But that deal fell through and Fisker had to instead pivot to contracting with Canadian giant Magna International (NYSE:MGA). Magna is a respected contract manufacturer in the space, but given that Fisker itself pointed to the Volkswagen partnership as a competitive edge, it’s not difficult to see the switch as a disappointment.

Meanwhile, reservation data suggests that consumers too, aren’t all that excited. On Twitter this month, Henrik Fisker disclosed that his company had reached 15,000 reservations for the Fisker Ocean, less than six months after launch.

That milestone isn’t as impressive as it sounds. Reservations for the Ocean cost just $250 — and are fully refundable. Lucid, by contrast, has sold out of its Dream Edition Air sedan, albeit with a run of roughly 500.

There’s certainly a case that FSR stock is cheaper because FSR stock should be cheaper. At least so far, other companies have accomplished more.

The Argument for FSR Stock

Despite those early setbacks, Fisker stock still looks somewhat intriguing.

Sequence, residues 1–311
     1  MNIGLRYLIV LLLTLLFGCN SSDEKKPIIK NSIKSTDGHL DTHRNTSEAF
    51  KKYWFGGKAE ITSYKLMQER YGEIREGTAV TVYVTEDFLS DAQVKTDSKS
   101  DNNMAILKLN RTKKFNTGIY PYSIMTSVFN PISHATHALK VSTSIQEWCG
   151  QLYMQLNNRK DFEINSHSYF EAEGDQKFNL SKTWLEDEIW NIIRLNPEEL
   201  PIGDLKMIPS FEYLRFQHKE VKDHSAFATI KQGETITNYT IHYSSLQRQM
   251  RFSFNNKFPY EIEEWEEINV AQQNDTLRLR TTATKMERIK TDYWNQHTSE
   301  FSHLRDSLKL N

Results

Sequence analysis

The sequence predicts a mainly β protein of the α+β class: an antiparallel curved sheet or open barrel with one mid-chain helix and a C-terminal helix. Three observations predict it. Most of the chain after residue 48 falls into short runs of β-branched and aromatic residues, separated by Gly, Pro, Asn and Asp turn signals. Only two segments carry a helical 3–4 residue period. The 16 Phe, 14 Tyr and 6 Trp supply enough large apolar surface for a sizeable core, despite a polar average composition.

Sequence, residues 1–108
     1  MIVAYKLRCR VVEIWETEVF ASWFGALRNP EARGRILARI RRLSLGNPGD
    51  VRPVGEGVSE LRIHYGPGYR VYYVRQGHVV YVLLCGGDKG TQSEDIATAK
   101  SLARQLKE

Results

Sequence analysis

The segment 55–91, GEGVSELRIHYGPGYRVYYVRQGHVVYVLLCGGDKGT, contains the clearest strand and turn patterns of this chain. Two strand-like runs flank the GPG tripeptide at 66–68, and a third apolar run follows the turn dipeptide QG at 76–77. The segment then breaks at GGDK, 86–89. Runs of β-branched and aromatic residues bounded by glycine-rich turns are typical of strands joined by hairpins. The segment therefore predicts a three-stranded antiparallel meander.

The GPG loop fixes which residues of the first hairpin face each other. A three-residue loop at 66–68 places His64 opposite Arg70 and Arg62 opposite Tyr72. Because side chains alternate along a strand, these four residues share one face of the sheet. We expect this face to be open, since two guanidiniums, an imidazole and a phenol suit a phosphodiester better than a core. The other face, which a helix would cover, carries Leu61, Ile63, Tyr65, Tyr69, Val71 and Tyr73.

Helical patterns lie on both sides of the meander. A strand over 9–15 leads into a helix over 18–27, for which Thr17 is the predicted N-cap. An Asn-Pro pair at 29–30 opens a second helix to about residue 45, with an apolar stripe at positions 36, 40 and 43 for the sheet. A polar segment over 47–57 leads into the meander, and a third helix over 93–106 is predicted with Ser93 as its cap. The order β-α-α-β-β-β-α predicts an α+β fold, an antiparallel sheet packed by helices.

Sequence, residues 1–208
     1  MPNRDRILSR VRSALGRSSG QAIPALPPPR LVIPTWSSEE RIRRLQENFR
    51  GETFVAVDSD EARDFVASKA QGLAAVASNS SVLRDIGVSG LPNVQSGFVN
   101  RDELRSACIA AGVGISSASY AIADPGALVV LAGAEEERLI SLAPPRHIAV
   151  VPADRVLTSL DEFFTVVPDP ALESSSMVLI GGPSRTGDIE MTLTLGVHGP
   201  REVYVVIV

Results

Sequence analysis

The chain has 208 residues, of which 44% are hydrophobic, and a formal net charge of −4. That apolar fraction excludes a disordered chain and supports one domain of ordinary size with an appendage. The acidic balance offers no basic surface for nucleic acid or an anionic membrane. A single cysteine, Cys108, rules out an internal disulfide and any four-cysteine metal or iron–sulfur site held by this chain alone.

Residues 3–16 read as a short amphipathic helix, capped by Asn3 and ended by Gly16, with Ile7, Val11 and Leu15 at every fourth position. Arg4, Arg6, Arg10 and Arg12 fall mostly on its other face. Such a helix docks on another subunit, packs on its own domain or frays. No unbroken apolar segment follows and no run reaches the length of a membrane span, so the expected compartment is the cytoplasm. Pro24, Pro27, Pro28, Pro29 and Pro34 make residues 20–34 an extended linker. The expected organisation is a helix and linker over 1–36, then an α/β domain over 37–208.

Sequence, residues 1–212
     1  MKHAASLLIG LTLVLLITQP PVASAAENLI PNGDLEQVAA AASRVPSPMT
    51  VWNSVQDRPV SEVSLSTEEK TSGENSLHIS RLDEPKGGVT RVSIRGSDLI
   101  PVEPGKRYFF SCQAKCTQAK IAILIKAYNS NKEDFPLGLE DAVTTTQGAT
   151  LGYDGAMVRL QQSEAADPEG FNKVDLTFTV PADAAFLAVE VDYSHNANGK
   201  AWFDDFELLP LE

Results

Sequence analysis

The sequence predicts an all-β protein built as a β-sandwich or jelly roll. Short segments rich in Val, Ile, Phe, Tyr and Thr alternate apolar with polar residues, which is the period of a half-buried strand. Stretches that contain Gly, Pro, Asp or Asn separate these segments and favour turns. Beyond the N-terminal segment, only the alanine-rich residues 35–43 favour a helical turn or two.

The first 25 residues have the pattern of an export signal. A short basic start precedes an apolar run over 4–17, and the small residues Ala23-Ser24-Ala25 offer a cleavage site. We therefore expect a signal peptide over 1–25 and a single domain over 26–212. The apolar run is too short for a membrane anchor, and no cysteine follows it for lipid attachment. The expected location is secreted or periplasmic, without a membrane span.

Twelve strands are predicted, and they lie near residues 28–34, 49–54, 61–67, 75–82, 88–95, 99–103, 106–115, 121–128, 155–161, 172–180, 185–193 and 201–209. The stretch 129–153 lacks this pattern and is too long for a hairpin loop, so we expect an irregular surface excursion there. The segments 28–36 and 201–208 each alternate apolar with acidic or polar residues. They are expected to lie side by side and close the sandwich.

For one, the valuation matters. It’s not just that FSR is cheaper than other EV manufacturers. The $4.2 billion market capitalization itself implies an opportunity, if a high-risk one.

At that level, the odds of Fisker being a big success — perhaps not quite the ‘next Tesla’, but something close — don’t have to be very high to make the stock at least intriguing.

To use essentially made-up numbers, if there’s an 80% chance of FSR being worth $0 and a 20% chance of it being worth $100 (the latter being a roughly $30 billion market cap fully diluted), $14 is a not-terrible “lottery ticket” price.

Valuation aside, it seems too early to make any real judgments about the space — one way or the other.

The same reason I’m still somewhat skeptical toward CCIV is the same reason I’m intrigued by FSR. EVs are going to be a big market. At some point in the future, it seems highly likely they will be the automotive market.

How that market shakes out, however, is roughly anyone’s guess. Fisker at the least has a real shot.

It bears repeating: it’s a high-risk case. FSR stock can go to zero.

And it’s not a case that rests on the spurious claims that Fisker would be involved in the speculated electric vehicle from Apple (NASDAQ:AAPL) simply because the two companies share a contract manufacturer.

Rather, it’s a case that rests on the idea that no one really knows how this market will play out. For some EV stocks, that uncertainty creates risk. For FSR, at this valuation, it might create opportunity.

On the date of publication, Vince Martin did not have (either directly or indirectly) any positions in the securities mentioned in this article.

After spending time at a retail brokerage, Vince Martin has covered the financial industry for close to a decade for InvestorPlace.com and other outlets.